By a strange coincidence, I spotted a Penbugle stand at the Three Bags Full market, held on Friday to celebrate Liskeard’s wool heritage. They weren’t selling wool, but fibre from their alpacas instead. The fibre is not only very soft, but light, extremely warm due to the hollow fibres and hard wearing too – think of grandad’s camel hair coat.
The following day, somewhat drenched after dancing the Community Scarf around Liskeard in the rain, I actually got to meet the Fox Patrol in person. They were taking part in the continuation of the Three Bags Full festivities along with some Penbugle sheep and a well dressed tractor courtesy of Victoria Knittingfairy.
|Penbugle double yolker, with a dab of chilli sauce|
Thanks to Alison of Gingerpop Communications and to Lizzie of Penbugle Farm, I was sent a couple of dozen eggs to try out – just when I needed them most. I had several cakes to make for a friend’s birthday, culminating in this lime and pistachio layer cake. The eggs were large and as it turned out many of them were double yokers too – not something I’ve seen very often.
I was determined to keep some back from the cake making, so we could try them au naturel. We had a couple of them boiled for Easter Day and a couple poached on another occasion. They tasted particularly good. CT being an avid egg eater is something of a connoisseur in these matters, so his thumbs up really means something.
Penbugle Farm, is not only a working organic farm with rare breed cattle, sheep, pigs, hens, ponies and alpacas, but it also provides holiday accommodation in the form of wigwams and bell tents as well as tent pitches if you want to bring your own. So if you fancy a bit of glamping or even camping and a chance to get away from it all, this might well be the spot for you. Living in a particularly pretty part of Cornwall as we do, I can tell you it is well worth a visit. Most visitors to Cornwall charge down to the more well know western parts of the county, completely passing us by – it’s their loss. The farm is situated close to the pretty village of Duloe complete with its own stone circle. It is only five miles from the fishing village of Looe and the beautiful Cornish coast and only a few miles from Bodmin Moor. This provides plenty of good walking opportunities, wildlife spotting and a chance to explore our mining heritage. The farm is, of course, very close to my charming home town of Liskeard!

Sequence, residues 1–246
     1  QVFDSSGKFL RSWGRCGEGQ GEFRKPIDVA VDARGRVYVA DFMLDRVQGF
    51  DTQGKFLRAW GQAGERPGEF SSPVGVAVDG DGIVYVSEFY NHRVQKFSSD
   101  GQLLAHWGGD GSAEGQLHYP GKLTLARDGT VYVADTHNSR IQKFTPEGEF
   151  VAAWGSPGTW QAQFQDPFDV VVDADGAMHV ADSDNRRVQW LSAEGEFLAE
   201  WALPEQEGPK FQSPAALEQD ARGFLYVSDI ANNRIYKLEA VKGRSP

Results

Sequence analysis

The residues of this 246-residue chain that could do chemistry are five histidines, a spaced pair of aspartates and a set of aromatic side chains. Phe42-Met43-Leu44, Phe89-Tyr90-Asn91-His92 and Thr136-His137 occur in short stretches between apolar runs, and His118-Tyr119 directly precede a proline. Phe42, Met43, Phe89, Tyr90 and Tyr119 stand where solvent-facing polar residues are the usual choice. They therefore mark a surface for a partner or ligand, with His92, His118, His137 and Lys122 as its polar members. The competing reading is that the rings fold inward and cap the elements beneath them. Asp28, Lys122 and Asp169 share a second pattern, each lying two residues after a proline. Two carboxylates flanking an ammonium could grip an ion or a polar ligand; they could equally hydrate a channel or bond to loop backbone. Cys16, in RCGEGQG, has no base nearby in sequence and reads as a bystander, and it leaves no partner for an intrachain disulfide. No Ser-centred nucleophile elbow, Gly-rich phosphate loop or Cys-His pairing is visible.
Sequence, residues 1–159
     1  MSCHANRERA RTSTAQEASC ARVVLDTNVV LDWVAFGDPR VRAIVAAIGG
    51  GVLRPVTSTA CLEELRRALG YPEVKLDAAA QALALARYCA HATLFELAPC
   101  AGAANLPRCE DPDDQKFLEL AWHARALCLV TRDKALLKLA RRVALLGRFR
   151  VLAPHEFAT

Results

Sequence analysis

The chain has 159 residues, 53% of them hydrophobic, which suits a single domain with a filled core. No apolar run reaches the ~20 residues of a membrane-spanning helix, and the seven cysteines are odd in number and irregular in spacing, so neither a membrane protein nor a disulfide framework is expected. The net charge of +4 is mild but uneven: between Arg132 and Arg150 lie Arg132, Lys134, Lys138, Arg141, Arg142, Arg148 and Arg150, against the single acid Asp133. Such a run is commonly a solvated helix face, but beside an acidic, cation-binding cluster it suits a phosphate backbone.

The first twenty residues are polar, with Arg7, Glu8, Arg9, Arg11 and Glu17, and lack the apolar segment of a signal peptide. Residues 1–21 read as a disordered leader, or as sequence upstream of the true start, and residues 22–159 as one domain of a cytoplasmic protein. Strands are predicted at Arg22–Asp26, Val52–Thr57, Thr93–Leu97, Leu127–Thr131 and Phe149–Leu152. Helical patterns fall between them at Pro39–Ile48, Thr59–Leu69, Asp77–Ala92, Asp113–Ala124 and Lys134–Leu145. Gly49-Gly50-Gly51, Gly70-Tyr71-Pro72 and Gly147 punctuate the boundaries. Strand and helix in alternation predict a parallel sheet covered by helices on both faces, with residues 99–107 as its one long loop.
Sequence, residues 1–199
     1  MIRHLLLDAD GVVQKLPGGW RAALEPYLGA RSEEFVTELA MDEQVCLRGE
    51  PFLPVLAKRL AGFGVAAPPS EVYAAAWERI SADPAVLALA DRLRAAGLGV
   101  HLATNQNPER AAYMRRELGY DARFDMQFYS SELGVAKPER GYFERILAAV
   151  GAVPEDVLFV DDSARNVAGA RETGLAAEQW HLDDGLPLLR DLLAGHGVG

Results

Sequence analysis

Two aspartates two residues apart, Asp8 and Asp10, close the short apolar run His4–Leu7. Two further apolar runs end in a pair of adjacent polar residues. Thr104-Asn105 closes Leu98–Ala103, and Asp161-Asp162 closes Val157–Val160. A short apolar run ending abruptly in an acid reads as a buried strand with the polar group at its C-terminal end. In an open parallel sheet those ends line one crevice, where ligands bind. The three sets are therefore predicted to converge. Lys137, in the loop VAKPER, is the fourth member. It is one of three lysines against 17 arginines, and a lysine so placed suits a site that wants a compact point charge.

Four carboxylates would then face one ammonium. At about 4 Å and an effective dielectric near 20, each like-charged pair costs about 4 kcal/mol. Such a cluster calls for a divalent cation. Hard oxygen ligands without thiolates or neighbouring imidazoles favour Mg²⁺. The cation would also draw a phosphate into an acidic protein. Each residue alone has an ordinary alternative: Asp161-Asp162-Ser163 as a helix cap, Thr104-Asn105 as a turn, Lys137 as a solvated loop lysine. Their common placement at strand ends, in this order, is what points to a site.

Cornish Holiday Discount
Penbugle Farm are offering Chocolate Log Blog readers a 10% discount on any wigwam holiday plus a welcome pack of local produce, including their own organic eggs of course. To be eligible for the discount, just mention “choc log blog” when booking. To take advantage of this offer, holidays must be booked before 14th May and taken by the end of September 2013.
I’ve had such a fun day. First making some chocolate goodies, then distributing them around town and seeing the delight on people’s faces and finally trying them out myself. Well, it is Chocolate Week and I couldn’t let it pass without doing something! So, I thought I’d make some cupcakes for the good burghers of Liskeard and brighten up their day. It certainly brightened up my day.
I’m probably kidding myself, but I like to think my baking is actively good for folk as well as tasting pretty damn good. Good quality ingredients are crucial for making tasty and nutritious fare. With this in mind I try to use certified organic ingredients where possible, although locally sourced and fairly traded are also important.